NEW YORK (GenomeWeb) — Researchers from Yale University are working to advance their novel method for targeted sequencing of circulating tumor DNA as a tool for early detection and diagnosis of cancer.
The researchers published an initial description of their sequencing strategy, called error-suppressed multiplexed deep sequencing, in Cancer Research in 2012. Last month, the group shared two studies at the annual meeting of the American Society of Clinical Oncology validating their initial findings.
Following on these successful studies, the team is now preparing a larger analysis of samples collected over the last several years, including early-stage cancers, to develop the method as an early detection tool, the group's leader Abhijit Patel told Clinical Sequencing News.
"One of the nice things about our assay is that it's very sensitive and it's designed to be able to assess mutations without prior knowledge, which would be important in early detection and screening, since you don't know what you are looking for," Patel said.
"The specificity of ctDNA is also very high," Patel explained, "so it offers some unique advantages compared to protein biomarkers. I always tell people, proteins have a [significant] physiological background, so to detect a small early-stage tumor you have to be well above that background to make that call."
"But with ctDNA," he said. "There is no physiologic background so if you can decrease the technical background of your assay low enough you have a really powerful method for screening patients."
Patel and his colleagues have since been focused on this task, decreasing technological background, and reducing errors from sequencing or PCR amplification, as well as running the method through its paces using clinical samples.
Since the team's initial paper in 2012, Patel said it has been working to expand the panel of genes that the assay can cover.
"We realized that what we had developed initially was not so scalable … in practice it would require complex microfluidics and complex automation to expand it," Patel said. "So we went back to the drawing board … and basically … reengineered the system to be able to multiplex more genes by upfront barcoding."
He said the group has also come up with other ways to suppress errors from sequencing and PCR. "The combination has allowed us to push the limits of sensitivity further and also expand the range of what we can cover in terms of mutation coverage," he explained.
In their 2012 Cancer Research paper, Patel and his colleagues reported that by using layers of sequence redundancy designed to distinguish true mutations from sequencer misreads and PCR misincorporations, they could achieve a detection sensitivity of approximately one variant in 5,000 molecules. And by attaching modular barcode tags, they enabled simultaneous analysis of more than 100 patient samples, the authors wrote.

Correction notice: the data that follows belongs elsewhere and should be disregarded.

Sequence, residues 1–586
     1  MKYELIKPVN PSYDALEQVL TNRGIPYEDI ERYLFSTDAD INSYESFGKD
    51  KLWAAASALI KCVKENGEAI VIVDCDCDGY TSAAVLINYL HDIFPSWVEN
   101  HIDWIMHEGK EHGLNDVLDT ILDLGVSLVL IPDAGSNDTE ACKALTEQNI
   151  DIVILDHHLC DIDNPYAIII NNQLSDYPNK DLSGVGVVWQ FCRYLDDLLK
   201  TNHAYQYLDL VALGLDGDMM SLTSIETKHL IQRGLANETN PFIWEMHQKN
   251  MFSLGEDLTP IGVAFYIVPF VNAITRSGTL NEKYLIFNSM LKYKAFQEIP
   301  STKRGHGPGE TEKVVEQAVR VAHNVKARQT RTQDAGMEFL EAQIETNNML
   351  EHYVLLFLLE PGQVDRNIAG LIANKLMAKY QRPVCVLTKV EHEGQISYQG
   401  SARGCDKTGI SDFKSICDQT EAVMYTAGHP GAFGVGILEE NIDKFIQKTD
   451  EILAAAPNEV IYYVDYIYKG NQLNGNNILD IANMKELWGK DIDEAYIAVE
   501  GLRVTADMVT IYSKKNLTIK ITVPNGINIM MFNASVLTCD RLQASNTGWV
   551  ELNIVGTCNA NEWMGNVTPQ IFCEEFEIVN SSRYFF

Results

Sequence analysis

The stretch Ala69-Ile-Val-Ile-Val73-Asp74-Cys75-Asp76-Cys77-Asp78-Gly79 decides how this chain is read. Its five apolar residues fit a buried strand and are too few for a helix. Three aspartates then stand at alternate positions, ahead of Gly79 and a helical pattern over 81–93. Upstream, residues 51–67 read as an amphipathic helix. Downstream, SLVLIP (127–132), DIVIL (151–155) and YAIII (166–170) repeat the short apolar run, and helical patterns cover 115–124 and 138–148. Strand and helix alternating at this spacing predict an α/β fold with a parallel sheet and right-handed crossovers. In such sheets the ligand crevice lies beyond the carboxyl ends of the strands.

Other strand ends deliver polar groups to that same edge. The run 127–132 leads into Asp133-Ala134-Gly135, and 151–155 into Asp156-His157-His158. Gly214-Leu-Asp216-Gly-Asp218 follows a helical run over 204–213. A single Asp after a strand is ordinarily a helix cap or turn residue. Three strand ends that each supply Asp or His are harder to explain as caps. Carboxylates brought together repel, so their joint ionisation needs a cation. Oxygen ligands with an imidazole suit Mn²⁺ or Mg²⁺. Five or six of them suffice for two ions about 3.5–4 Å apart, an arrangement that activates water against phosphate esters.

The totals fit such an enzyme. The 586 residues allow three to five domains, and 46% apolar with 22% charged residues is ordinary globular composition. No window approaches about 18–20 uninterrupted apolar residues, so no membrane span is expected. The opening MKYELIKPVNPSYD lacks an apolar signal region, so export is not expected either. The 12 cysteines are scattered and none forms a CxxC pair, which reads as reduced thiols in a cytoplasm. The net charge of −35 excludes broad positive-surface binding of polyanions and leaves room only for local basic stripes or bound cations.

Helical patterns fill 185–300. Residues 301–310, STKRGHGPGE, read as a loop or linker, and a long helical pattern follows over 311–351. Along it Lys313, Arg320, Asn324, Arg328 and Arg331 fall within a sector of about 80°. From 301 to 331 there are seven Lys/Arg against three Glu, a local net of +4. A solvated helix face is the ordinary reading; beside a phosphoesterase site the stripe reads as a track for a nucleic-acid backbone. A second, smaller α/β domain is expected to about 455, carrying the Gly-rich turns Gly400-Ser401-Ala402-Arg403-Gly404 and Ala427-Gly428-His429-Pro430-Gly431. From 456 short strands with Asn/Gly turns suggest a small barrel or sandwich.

In their presentations at ASCO last month, the researchers shared data from two studies using the approach. In one, they tested 75 plasma samples from 17 patients with gastric cancers for the presence of cancer-associated mutations.
Among the eight patients whose tumors were profiled by an independent clinical lab, the team's plasma results "showed perfect concordance of mutation status and type," the authors wrote. Testing of serial samples revealed that ctDNA levels "changed appropriately with therapy or with disease progression," the group reported, including one case in which ctDNA levels dramatically decreased after initiation of first-line chemotherapy, a second case in which they rose upon development of liver metastases, and a third case in which rising levels reversed upon switching to a different chemotherapeutic regimen.
In a second study, the team looked at single and serial plasma samples from 52 lung adenocarcinoma patients with known activating EGFR mutations, and found that the ctDNA sequencing approach showed a high concordance with results from tumor biopsy.
While the implications of these studies speak mostly to the method's potential for tumor mutation status assessment, prognostic testing, or therapeutic monitoring, the team's main intention is to show that the approach could work for early cancer detection, Patel said.
"If you're just interested in assessing whether a patient is developing resistance to erlotinib and you just want to look for the T790M mutation you don't need to be broad with your assay," Patel said, so other simpler and cheaper approaches using limited panels or nucleic acid amplification may be a better choice.
But for early detection, "other approaches to circulating tumor DNA tend to be limited in the mutation coverage they can achieve," he added. "For example with something like droplet digital PCR you have to have specific probes for specific mutations. You can't query broadly and cover large regions," Patel said.
"Or with other [sequencing] approaches you can query very broadly but then the detection sensitivity is not as good," he added. "It's a very challenging problem, so I think there is a ways to go. But we've already been looking at [the ability of our method] by examining samples from early stage patients with lung cancer and other malignancies like ovarian cancer, and so far we've got some good preliminary results."
The next step will be for the team to expand its study to a much larger and broader set of retrospective samples, which have been collected and stored as the sequencing approach was being refined over the last few years, said Patel.
If things go well, he said the group hopes to be able to commercialize an early detection assay for different malignancies using error-suppressed multiplex ctDNA sequencing.